Last week I gave my year 7 class this to work on:
Its an exercise on measuring angles based on this game. The idea is to see how far the first cannonball went, noticing that the angle going in when it hits a side is the same as the one going out. You can then repeat this for the next cannonball. Fairly simple you might think, particularly for the top set. I had resolved, though, to help out as little as possible, and whenever they asked for help I told them to measure everything and try something out. You could see that these year 7s had not come across this style of teaching before and I had wails of "but what do I actually DO?" to which I'd say: "work it out". They weren't happy. I started worrying that year 7 maybe too young for this.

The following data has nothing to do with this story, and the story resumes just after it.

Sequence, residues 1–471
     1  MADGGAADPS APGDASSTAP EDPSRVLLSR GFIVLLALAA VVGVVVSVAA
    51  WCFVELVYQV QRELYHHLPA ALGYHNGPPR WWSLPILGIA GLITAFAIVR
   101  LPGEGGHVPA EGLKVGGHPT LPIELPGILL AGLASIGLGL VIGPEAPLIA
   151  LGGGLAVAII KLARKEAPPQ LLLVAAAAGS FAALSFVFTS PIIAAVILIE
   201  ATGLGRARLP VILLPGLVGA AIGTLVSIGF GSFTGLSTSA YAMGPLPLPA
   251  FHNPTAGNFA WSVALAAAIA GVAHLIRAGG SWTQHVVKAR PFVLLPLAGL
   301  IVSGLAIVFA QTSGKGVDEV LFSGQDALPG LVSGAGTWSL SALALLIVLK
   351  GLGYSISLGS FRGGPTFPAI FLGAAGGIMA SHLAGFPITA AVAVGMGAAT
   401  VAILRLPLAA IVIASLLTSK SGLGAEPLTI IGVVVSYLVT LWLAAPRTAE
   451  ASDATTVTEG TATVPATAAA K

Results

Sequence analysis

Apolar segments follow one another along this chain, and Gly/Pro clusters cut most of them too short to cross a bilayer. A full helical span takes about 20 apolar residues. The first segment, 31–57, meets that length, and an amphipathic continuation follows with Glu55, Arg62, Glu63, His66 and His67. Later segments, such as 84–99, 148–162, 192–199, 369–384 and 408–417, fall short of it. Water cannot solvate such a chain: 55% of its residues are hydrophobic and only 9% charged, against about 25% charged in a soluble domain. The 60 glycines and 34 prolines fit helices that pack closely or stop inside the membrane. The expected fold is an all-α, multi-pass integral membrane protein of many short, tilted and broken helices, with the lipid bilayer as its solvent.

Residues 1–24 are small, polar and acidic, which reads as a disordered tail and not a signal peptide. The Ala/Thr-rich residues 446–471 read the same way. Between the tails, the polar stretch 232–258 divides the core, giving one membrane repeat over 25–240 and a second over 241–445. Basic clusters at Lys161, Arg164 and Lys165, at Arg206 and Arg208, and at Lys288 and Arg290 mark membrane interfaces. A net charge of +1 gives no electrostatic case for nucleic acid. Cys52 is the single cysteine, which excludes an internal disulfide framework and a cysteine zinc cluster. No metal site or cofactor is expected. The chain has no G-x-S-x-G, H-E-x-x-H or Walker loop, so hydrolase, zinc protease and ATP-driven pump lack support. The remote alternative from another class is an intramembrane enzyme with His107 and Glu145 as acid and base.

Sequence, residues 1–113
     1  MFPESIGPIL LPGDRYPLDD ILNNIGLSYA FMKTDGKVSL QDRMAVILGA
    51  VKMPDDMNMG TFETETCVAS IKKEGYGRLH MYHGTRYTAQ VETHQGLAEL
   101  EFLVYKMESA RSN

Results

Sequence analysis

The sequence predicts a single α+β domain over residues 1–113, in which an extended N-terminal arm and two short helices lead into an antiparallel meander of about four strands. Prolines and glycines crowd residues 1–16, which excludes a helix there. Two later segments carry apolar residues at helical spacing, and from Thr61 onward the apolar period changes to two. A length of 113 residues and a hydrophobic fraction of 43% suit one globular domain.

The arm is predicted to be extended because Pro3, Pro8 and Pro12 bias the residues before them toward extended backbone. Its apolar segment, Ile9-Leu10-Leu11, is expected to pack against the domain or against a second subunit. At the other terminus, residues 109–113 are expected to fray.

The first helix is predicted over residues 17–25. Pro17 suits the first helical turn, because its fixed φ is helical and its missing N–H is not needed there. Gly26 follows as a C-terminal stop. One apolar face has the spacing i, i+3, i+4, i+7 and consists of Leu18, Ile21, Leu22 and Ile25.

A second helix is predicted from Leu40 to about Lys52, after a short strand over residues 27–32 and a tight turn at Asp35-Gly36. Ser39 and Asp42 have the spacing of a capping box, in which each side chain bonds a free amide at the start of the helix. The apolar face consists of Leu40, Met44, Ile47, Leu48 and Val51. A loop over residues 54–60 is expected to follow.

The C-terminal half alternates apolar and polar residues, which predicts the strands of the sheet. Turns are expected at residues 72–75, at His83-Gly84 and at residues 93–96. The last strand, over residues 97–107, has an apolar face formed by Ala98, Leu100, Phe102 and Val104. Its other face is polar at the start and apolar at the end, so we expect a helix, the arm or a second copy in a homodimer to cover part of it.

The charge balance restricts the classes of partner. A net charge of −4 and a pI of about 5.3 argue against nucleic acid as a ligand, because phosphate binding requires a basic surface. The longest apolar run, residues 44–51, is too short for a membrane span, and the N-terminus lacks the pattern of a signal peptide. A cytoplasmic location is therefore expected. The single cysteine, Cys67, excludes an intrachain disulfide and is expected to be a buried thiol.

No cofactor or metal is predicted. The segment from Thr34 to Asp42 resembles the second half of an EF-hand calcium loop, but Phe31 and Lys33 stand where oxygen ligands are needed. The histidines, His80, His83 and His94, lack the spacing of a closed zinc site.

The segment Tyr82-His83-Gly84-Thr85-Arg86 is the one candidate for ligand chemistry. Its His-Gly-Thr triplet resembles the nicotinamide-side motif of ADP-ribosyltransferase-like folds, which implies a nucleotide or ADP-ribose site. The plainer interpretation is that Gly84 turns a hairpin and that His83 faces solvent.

Fifteen minutes into the lesson and all but two of the tables had quietened down and were just getting on with it. Most of them in fact got on to questions using the tangent of the stationary cannonballs without any drama or questions to me. To the remaining two tables, I did give some extra support until they got it. In the end I folded to their looks of panic.
Although I'm sad that I couldn't hold out for those two tables, I'm happy that I held out as long as I did. The temptation is all too easy to take to lead them through the question to the correct answer. By the end of the lesson, everyone can do it just as you did, and you get a lot less panicked kids. Come back to the topic a month later, however, and you can't understand why they all look at you with blank faces. I'm new to this enquiry style and so I'm yet to see what will happen when I return to these topics. I'm positive, however, that they learned a little about their own capabilities and about the importance of patience.